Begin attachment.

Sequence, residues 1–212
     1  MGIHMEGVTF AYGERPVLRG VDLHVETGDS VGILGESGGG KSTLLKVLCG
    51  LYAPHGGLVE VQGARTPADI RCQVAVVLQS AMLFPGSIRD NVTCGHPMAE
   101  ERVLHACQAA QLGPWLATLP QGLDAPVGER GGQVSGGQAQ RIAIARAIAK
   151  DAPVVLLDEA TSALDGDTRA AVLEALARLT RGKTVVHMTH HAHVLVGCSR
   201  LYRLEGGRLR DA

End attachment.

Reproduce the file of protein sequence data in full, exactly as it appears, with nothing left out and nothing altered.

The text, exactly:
Sequence, residues 1–212
     1  MGIHMEGVTF AYGERPVLRG VDLHVETGDS VGILGESGGG KSTLLKVLCG
    51  LYAPHGGLVE VQGARTPADI RCQVAVVLQS AMLFPGSIRD NVTCGHPMAE
   101  ERVLHACQAA QLGPWLATLP QGLDAPVGER GGQVSGGQAQ RIAIARAIAK
   151  DAPVVLLDEA TSALDGDTRA AVLEALARLT RGKTVVHMTH HAHVLVGCSR
   201  LYRLEGGRLR DA